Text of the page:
More Evidence on the Value of a Degree

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Last week I shared with you both my philosophy of liberal education and the value of earning a degree. It should come as no surprise that not every reader of either my editorial or my blog agreed with me.

The anecdotes about less educated people with great financial success abound. The realities of student indebtedness should not be taken lightly. But despite the exceptions and the challenges of affordability, a college degree is a good investment. And we have even more evidence with a new report from the Pew Research Center entitled, “The Rising Cost of Not Going to College.”

The Pew study included a survey of 2,002 adults and an analysis of U.S. Census Bureau data. The survey was conducted through telephone interviews. The U.S. Census data was drawn primarily from the Current Population Survey (CPS) which is a monthly assessment of approximately 55,000 households and serves as the country’s official statistics on unemployment. All the data was collected in October 2013.

The results of the study can be best summarized by a quote from Paul Taylor, one of the co-authors of the report: “In today’s knowledge-based economy, the only thing more expensive than getting a college education is not getting one. Young adults see significant economic gains from getting a college degree regardless of the level of student debt they have taken on.”

There has always been an earnings’ gap between those with only a high school diploma and those with a college degree.   But this study reveals that this gap has widened dramatically. In 1965, the first year comparable data was analyzed, those with a high school diploma earned 81% of what a college educated person earned. In this most recent study, the earnings of a high school educated person have dropped to 61% of a college educated person’s earnings.

In addition, those without a college degree are more likely to live in poverty (21.8% vs. 5.8%), are unemployed at a higher rate (12.2% vs. 3.8%), and express greater dissatisfaction with their jobs (63% vs. 37%). Conversely, over 90% of college graduates value their degree and believe that it has significantly impacted their job opportunities and their earning potential. Even those who graduate with significant debt share these positive views at high levels (86%). Consistent with the research I reported last week, these high levels of satisfaction and these increased earnings are similar regardless of the graduate’s major or field of study.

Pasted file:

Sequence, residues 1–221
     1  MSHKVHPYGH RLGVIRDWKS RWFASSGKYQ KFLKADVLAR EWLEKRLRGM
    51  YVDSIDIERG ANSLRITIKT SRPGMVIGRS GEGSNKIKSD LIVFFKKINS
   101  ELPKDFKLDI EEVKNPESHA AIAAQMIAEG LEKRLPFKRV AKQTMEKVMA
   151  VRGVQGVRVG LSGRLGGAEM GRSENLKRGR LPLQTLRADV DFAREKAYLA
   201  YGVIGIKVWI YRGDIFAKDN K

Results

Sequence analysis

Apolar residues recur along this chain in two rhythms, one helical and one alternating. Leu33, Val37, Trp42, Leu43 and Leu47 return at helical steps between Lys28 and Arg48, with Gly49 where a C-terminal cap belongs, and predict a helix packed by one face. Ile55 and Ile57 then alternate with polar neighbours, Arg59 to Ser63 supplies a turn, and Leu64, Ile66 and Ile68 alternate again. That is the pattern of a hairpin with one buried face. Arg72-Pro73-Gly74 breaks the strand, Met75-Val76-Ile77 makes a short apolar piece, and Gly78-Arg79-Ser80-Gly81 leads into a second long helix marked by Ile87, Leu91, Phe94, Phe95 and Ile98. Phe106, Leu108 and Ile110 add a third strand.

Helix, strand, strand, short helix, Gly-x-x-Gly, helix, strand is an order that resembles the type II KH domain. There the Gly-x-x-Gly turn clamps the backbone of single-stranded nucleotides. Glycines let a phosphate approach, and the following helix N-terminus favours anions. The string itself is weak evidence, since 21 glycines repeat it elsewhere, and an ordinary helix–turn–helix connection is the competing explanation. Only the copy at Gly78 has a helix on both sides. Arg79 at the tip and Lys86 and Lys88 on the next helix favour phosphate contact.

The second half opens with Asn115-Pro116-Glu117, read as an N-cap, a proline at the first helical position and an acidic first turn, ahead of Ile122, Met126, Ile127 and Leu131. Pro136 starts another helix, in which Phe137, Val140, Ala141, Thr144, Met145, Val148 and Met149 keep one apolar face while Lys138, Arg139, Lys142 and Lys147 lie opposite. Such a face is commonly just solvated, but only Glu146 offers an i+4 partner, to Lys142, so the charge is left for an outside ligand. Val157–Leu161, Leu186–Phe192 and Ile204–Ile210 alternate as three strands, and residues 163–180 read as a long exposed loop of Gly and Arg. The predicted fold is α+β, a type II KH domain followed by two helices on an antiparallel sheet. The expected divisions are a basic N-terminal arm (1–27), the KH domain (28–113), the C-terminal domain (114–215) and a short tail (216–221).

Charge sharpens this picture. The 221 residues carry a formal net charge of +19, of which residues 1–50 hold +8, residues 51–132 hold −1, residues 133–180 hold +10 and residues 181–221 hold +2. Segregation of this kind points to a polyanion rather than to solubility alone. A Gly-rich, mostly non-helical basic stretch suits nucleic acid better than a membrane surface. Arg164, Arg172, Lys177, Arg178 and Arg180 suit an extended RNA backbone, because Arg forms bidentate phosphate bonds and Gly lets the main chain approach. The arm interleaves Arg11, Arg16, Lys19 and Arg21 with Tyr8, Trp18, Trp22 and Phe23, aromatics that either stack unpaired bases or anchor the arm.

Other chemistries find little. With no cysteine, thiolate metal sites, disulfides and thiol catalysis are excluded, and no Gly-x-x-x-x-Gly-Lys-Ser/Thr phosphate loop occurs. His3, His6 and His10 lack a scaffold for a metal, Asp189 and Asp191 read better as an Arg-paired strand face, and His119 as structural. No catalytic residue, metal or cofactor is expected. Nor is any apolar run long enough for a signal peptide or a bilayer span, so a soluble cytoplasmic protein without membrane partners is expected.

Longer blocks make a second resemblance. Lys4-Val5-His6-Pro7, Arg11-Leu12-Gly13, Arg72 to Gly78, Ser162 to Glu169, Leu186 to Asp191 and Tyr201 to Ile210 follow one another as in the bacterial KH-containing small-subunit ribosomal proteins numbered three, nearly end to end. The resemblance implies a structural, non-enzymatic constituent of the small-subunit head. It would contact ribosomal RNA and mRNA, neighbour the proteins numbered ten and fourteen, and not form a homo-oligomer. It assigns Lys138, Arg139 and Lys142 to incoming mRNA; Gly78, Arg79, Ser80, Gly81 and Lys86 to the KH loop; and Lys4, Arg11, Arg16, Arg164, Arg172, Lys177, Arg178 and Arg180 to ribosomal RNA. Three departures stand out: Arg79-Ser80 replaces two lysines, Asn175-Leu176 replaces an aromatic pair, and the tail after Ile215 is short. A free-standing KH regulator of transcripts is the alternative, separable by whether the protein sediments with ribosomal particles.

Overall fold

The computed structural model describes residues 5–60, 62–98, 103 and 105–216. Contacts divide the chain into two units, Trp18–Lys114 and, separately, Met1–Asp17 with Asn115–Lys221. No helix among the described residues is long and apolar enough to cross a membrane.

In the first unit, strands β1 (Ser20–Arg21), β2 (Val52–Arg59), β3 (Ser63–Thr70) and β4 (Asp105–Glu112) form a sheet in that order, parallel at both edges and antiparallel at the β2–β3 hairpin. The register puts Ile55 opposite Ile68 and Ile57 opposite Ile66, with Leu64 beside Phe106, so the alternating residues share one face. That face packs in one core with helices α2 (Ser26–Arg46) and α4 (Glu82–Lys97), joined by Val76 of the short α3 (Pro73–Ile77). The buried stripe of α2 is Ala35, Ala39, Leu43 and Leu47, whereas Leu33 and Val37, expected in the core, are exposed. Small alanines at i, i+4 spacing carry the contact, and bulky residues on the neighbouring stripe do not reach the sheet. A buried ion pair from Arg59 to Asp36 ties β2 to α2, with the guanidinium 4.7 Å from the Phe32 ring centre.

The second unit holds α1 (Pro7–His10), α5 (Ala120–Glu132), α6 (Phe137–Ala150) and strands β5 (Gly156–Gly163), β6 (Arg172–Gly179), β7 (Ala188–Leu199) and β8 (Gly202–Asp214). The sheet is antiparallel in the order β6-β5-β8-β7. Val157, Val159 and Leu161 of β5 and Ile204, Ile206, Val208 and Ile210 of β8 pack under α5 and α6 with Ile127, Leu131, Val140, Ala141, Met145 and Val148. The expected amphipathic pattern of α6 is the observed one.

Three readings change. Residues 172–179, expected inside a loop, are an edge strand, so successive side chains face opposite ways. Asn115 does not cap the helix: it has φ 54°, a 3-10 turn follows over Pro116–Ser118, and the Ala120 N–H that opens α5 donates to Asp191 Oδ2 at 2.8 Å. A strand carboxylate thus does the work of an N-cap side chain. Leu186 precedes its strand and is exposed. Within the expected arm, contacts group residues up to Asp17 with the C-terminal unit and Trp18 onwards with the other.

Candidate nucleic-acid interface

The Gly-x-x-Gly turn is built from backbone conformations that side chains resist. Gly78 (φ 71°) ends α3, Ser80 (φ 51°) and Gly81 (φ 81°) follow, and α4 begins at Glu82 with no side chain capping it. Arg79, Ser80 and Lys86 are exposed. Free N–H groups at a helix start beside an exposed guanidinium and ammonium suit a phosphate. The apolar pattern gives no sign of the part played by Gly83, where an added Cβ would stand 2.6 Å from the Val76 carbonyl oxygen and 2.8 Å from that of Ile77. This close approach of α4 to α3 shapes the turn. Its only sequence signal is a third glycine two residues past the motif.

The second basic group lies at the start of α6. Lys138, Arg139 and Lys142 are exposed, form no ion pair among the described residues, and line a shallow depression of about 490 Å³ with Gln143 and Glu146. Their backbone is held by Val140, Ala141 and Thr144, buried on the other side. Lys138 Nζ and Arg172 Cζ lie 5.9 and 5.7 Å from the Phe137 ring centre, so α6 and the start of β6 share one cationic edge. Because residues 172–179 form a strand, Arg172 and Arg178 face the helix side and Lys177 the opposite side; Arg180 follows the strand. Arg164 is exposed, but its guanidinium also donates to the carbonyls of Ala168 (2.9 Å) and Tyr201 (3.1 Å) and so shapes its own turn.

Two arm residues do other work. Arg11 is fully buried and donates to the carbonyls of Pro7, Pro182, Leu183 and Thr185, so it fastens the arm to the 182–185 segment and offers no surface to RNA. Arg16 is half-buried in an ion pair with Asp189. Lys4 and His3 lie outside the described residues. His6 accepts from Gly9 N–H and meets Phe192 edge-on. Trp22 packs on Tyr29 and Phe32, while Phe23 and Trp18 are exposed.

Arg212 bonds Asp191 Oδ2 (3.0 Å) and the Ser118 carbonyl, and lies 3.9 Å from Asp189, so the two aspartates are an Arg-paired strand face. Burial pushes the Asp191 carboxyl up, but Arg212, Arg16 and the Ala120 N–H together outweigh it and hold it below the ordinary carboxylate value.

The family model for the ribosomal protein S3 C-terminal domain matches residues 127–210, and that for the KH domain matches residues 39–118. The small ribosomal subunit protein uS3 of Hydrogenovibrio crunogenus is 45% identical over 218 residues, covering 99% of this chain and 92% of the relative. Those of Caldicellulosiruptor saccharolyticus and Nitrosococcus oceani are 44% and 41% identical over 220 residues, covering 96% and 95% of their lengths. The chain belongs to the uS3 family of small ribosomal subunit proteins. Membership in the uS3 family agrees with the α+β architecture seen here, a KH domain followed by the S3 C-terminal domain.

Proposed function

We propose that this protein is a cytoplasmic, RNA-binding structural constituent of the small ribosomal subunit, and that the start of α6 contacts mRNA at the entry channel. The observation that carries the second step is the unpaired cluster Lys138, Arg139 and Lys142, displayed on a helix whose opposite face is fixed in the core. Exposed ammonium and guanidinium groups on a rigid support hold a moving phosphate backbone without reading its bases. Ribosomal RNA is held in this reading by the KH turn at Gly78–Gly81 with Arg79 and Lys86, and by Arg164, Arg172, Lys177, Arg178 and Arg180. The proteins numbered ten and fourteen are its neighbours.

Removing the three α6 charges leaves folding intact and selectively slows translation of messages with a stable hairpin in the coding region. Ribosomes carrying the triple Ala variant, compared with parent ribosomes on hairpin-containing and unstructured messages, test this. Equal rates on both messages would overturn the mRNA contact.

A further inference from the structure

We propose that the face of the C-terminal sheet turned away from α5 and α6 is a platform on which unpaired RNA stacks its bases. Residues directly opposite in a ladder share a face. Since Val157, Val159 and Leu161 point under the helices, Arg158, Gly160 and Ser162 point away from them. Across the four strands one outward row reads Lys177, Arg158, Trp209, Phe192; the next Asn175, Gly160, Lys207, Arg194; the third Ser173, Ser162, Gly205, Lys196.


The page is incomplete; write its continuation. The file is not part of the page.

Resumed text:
It is also interesting to learn about college educated workers and their self-assessment of their college years. When asked what they might have done differently to better prepare for the world of work, 65% said they could have used more work experience during their college years; 40% said they would have been better prepared if they studied harder; 43% said they should have begun their job search sooner; and, 36% said they should have switched their major.

The economic challenges of the time and the global competitiveness for jobs are the realities confronted by today’s college graduates. But the evidence is clear. Their best chance for success is to complete their four-year degree or more. That’s not an educated guess … that’s a fact!

(As always, your comments and questions are welcome.)

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Guest Monday, 28 July 2014